I rarely feel like this while actually writing.
I feel like this whenever I have to revise a book.
|This is Quoth, the raven. All right, so I don't have a soft toy crow.|
I know a first draft is generally terrible. I don't mind that. I can go back and fix problems, rewrite the bad stuff, cut the really bad stuff, and generally make the book something I'm not ashamed to put my name to. But all of this is before anyone else has seen the book.
An editor's job is to make the book better. Put another way, her job is to find all the flaws in the book. Put another way, her job is to find all the many, many ways in which your book sucks, and point them out to you.
Put another way: her job is to make you wish you'd decided to clean toilets for a living, instead of writing.
This is the stage I'm at now. Actually this is the stage I was at in September, but my book is so bad we're on the fifth round of revisions, and my conclusions are thus:
- I'm not funny.
- My characters are inconsistent.
- My mystery plot could be solved in five minutes, if only the right person asked the right question on page forty.
- I'm really not funny.
- Any lines I believe to be lovely, concise, beautiful in their simplicity, aren't the poetry I believe them to be, but are in dire need of more exposition before they can make sense.
- I don't know anything about automatic cars, or house construction, or MI5.
- I'm going to offend people who like The X Factor.
- I'm really, really not funny.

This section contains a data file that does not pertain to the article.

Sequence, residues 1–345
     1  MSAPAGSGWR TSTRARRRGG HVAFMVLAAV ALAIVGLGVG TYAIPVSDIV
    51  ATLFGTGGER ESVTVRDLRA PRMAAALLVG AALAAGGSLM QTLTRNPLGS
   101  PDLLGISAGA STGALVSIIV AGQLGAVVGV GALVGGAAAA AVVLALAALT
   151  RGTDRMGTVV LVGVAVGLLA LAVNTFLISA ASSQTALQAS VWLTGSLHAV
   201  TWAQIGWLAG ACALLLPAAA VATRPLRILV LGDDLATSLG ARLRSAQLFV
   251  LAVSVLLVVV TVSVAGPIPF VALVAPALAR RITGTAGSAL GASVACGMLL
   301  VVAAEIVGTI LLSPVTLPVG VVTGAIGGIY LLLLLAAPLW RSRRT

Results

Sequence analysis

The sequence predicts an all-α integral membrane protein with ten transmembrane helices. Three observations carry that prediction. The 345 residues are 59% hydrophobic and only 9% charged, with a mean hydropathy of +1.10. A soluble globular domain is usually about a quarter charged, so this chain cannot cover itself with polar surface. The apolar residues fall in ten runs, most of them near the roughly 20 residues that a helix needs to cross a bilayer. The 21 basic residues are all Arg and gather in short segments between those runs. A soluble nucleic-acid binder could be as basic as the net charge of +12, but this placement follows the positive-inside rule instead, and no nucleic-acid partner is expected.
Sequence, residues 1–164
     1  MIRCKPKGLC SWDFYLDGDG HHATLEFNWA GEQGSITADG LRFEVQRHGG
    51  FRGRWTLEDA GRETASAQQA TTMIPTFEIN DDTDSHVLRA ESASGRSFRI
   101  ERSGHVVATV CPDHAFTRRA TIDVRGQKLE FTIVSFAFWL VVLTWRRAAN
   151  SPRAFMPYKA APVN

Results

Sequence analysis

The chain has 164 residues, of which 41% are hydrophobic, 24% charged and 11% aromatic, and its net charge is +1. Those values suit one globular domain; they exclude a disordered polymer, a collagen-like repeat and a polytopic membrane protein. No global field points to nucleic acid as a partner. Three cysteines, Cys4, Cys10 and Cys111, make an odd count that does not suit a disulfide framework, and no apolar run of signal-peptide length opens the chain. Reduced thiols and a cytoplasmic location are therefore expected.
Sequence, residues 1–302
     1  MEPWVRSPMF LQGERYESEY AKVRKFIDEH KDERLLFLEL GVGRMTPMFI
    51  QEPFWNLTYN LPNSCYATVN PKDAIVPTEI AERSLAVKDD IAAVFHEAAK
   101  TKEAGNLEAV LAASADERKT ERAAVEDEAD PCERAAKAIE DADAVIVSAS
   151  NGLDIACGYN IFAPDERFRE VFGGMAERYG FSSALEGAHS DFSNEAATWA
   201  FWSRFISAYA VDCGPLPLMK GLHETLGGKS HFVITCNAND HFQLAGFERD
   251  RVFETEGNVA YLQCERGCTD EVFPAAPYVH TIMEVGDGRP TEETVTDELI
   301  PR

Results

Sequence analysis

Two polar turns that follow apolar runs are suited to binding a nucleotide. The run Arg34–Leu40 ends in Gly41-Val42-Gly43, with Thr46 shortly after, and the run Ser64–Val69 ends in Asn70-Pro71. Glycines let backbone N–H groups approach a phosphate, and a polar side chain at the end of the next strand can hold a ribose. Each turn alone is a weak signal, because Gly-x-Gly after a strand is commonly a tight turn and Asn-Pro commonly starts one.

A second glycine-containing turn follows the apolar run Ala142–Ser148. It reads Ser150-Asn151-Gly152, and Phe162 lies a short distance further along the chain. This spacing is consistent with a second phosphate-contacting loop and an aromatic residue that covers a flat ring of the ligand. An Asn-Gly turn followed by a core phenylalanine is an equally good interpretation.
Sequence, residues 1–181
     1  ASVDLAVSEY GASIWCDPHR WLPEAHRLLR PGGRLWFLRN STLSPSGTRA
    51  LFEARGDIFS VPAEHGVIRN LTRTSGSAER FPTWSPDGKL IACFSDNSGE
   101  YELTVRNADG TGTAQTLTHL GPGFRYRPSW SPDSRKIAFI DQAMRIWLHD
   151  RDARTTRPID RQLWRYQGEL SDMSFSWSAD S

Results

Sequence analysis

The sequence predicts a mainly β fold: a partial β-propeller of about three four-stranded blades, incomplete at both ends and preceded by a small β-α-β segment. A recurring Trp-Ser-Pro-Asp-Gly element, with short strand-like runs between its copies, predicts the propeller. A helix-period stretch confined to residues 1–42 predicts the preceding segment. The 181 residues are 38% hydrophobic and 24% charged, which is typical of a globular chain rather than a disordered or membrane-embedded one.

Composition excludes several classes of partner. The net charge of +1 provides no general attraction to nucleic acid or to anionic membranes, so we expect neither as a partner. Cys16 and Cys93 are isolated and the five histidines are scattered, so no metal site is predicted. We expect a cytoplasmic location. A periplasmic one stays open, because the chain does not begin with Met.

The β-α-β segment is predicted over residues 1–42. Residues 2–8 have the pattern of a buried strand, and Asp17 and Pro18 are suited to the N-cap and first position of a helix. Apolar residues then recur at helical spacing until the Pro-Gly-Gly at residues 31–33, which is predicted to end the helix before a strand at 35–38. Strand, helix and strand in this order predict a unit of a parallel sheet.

The thing about edits is that I know the editor doesn't hate me, or my book, and wants to make it all better...so I ought to listen. But I also know whose name is going on the front of the book, and even though I'd really like it to be Alan Smithee at this point, I know it's going to be mine. There are lines in some of my books that the editor put in despite my protests, just to explain something. And they make me cringe, because they're not lines that I wrote and they're not lines I like. But anyone reading the book won't know that. They'll think I wrote those lines. And here's the problem: I don't know if the reader will read those lines and think, "Thank God she explained that, because I had no idea what it meant," or if they'll think, "Well, thank you Captain Obvious, for beating me over the head with that explanation."
Because here's the big thing I'm learning from edits:
- My readers aren't psychic.
- But neither am I.
Now, if you'll excuse me, I've got some toilets to clean.